AIRCC PUBLISHING CORPORATION
Unconstrained Endpoint Security System: Ueptss
Fatema Bannat Wala1,2 and Chase Cotton1
1Department of Electrical & Computer Engineering, University of Delaware, Newark
2University of Delaware, Newark, USA
Modern information security management best practices dictate that an enterprise assumes full configuration control of end user computer systems (laptops, deskside computers, etc.). The benefit of this explicit control yields lower support costs since there are less variation of machines, operating systems, and applications to provide support on, but more importantly today, dictating specifically what software, hardware, and security configurations exist on an end user’s machine can help reduce the occurrence of infection by malicious software significantly. If the data pertaining to end-user systems is organized and catalogued as part of normal information security logging activities, an extended picture of what the end system actually is may be available to the investigator at a moment’s notice to enhance incident response and mitigation. The purpose of this research is to provide a way of cataloguing this data by using and augmenting existing tools and open source software deployed in an enterprise network.
Endpoint security, device fingerprinting, scanning, inventory, BRO IDS, exploit.
Some organizations cannot control some or all of their end-user computer systems. Example organizations include universities, shared offices and start-up spaces, sites offering public Internet access (e.g. restaurants), and conferences. It is still assumed the enterprise is still responsible for the protection of infrastructure (servers, routers, switches, security devices, etc.) as well as end-user computers used by staff performing critical business functions (e.g. human resources, financial records, personal information, etc.).
As such, the enterprise will be running modern external perimeter and internal protections strategies. Part of this security infrastructure will include the collection, logging, and analysis of sensor data inside and on the perimeter of the enterprise network.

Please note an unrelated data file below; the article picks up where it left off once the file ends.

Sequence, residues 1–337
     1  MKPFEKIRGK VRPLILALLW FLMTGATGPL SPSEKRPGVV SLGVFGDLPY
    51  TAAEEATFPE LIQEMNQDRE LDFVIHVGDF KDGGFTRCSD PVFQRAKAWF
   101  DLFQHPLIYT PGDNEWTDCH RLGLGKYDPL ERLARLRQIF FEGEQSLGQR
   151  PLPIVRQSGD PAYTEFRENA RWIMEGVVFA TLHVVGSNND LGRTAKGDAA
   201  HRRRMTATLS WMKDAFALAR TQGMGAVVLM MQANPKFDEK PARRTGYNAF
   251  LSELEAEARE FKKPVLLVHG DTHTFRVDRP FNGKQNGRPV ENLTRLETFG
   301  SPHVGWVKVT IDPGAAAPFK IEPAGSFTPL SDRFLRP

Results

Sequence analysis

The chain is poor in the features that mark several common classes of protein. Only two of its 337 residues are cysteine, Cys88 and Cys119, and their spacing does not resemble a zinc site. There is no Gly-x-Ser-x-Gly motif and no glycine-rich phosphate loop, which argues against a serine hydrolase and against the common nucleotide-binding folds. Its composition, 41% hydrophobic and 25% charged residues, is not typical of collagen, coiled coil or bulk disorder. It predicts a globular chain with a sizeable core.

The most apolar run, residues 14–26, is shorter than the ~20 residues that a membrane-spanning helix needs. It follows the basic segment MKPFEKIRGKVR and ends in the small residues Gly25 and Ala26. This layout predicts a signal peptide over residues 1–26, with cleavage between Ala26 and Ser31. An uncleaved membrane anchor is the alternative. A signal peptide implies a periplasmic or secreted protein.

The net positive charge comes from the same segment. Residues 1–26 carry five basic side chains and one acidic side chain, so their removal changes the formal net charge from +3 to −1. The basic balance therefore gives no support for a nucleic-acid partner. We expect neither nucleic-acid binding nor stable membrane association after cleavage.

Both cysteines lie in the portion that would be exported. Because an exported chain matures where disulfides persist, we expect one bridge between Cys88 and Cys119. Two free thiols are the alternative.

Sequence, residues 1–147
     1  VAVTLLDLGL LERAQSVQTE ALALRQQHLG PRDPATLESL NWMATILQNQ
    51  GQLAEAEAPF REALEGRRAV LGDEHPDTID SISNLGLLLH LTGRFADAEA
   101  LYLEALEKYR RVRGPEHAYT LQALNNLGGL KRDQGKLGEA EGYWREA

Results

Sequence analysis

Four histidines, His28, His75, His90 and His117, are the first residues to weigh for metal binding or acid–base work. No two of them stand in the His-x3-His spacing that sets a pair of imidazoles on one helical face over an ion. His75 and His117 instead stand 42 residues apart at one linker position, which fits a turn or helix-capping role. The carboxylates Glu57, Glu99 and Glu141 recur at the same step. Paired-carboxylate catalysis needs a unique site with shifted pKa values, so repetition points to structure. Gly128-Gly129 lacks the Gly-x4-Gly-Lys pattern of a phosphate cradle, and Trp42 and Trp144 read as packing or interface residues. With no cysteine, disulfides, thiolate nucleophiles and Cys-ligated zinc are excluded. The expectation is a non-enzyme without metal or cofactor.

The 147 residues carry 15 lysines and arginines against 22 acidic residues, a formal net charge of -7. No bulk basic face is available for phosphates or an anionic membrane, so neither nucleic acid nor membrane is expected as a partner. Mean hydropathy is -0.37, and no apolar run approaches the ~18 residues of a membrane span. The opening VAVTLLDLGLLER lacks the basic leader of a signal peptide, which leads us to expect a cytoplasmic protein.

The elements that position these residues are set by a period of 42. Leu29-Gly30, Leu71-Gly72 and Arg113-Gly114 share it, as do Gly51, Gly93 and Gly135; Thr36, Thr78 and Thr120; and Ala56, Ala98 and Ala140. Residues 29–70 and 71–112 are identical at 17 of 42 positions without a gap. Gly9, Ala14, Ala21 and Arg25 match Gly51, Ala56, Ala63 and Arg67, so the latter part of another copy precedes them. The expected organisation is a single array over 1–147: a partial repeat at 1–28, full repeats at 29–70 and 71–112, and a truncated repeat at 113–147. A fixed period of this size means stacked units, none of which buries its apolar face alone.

Parts of this data will contain important information about end-user systems in the enterprise including the systems not managed by the central organization. We call these unmanaged end-user systems “unconstrained” systems. Part of the job of incident response in this enterprise will be to detect, triage, and investigate anomalous security events seen in the enterprise. In many cases, these events will likely involve unconstrained systems.
The Unconstrained Endpoint Security System (UEPtSS) is a software system to fingerprint ‘Unconstrained’ end-user computer systems/devices connected to the enterprise network and is especially useful for the organizations with a bring your own device (BYOD) policy . The reason it is important to fingerprint as much data as possible for an unmanaged device is it gives a complete picture to an organization of what kinds of devices are being used on the enterprise network and what services are running on those devices. Having this information pertaining to the devices also helps in malware incident response, as one of the most vulnerable security controls in an enterprise network which supports a BYOD policy, is the potentially untrusted software running on the end user’s device, as the enterprise has the least control on patching and keeping that software up to date so as to mitigate the risk of exploitation of latent vulnerabilities. A successful exploitation on one of these devices can help the attacker to pivot into the network and to use a chain of exploits against the crucial enterprise controlled and managed systems, as it is usually for the enterprise to ‘trust’ internal network and devices connecting to their network, often with additional firewall leniency provided to those systems as well. Hence, a vulnerable endpoint could potentially be low hanging fruit for the attacker to get a foothold inside the enterprise network and to pivot into the network to target next to the crown jewels of an enterprise. Hence, it’s critical to keep track of all devices that connect to the enterprise network.